Home > Ludwig van Beethoven and Handel...
Hide image list »
Ludwig van Beethoven and Handel...
Item # 673436
Currently Unavailable. Contact us if you would like to be placed on a want list or to be notified if a similar item is available.THE GENTLEMAN'S MAGAZINE, London, March, 1813
* Ludwig Van Beethoven
* George Frideric Handel
* Early 19th century music
Under: "Review of New Musical Publications" is: "Mary's Warning: an Arietta, composed with an Accompaniment for the Piano-forte, By Lewis [sic] van Beethoven." The review includes: "We are much pleased with this song. The vocal melody is elegant & pathetic; the accompaniment is tasteful & ingenious...Beethoven is considered by many musicians as the first composer at present living. It has recently been stated...that he had received offers form a foreign government; but that three noblemen of Vienna had engaged him to remain in the Austrian dominions by giving him a salary of 4000 florins."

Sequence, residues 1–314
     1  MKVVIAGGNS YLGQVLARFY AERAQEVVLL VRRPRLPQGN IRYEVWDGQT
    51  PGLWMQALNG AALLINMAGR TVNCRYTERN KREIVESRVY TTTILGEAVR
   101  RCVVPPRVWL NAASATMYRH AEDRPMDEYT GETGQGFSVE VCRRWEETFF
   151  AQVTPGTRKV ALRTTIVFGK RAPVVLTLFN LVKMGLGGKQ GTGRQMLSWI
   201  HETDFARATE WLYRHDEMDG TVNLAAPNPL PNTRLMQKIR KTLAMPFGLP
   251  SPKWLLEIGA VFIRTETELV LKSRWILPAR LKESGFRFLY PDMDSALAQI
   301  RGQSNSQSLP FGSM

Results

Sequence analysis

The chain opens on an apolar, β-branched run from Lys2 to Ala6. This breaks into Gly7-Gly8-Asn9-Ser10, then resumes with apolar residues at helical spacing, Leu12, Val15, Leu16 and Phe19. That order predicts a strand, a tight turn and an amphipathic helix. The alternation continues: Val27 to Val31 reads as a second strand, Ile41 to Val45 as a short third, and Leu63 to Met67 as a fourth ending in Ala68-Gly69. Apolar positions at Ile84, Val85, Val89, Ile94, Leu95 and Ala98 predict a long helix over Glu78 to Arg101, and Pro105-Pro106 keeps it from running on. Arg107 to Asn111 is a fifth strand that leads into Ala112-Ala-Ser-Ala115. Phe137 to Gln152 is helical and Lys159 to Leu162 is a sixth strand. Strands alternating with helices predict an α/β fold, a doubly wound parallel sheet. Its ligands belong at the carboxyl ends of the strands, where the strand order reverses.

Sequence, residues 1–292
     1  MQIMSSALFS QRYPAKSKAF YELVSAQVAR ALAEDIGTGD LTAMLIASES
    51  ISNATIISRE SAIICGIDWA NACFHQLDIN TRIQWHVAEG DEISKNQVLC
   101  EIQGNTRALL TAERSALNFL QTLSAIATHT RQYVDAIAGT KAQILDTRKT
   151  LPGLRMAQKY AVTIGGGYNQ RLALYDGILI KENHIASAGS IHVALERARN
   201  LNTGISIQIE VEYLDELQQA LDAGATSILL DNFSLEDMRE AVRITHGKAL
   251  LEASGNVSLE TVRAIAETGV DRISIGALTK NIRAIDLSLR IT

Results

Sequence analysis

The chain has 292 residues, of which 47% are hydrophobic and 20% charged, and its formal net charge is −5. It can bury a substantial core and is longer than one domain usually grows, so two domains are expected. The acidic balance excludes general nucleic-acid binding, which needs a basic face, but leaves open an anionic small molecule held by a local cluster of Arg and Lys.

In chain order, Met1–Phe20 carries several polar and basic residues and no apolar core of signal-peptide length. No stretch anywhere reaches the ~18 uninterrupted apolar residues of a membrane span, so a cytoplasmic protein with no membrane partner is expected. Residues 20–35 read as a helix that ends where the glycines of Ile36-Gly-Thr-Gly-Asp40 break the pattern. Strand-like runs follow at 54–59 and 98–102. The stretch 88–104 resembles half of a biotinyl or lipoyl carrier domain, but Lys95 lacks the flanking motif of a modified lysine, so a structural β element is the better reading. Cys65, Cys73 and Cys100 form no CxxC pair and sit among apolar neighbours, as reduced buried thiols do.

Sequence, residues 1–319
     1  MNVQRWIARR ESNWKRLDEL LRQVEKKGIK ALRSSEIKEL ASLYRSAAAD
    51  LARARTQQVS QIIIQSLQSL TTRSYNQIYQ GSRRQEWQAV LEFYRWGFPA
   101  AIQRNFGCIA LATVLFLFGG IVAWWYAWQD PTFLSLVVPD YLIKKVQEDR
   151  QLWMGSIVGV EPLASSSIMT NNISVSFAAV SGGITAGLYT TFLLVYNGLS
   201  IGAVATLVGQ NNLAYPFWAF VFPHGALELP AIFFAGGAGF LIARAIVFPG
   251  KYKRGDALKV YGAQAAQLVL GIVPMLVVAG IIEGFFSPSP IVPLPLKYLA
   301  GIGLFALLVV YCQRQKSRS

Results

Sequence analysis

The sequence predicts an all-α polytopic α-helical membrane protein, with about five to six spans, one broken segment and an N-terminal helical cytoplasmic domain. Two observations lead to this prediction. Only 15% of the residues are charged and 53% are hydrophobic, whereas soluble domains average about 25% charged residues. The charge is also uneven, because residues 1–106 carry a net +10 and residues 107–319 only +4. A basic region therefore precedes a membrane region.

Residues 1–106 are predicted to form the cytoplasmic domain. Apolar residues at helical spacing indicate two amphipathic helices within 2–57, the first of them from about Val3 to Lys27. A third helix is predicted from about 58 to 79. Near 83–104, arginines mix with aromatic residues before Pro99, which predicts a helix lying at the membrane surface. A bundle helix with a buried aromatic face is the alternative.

It is rare to find period mention of Ludwig van Beethoven in a publication (he died in 1827), and his lack of international acclaim at the time is borne out by the incorrect first name. Great also that mention is made of him being: "...the first composer at present living...".
Additionally, an early page has "Thoughts on the Musick of Handel & on the Mode of Performing it at the present day, conceived on hearing the sacred Oratorio of the Messiah..." which takes over a full page.
Near the back under "America" is a curious article beginning: "In some of the New York Federal papers there are a serious of articles written on the propriety of dissolving the Union & separating the Eastern from the Southern states...". Also a report of the capture of the Java by the Constitution.
The three plates called for are present.
Complete in 104 pages, full title/contents page featuring an engraving of St. John's Gate, 5 by 8 1/4 inches, very nice condition.
Certainly one of the more famous magazines of the 18th & 19th centuries, having started in 1731 and surviving for over 130 years. This was the very first publication to use the word "magazine".
Category: The 1600's and 1700's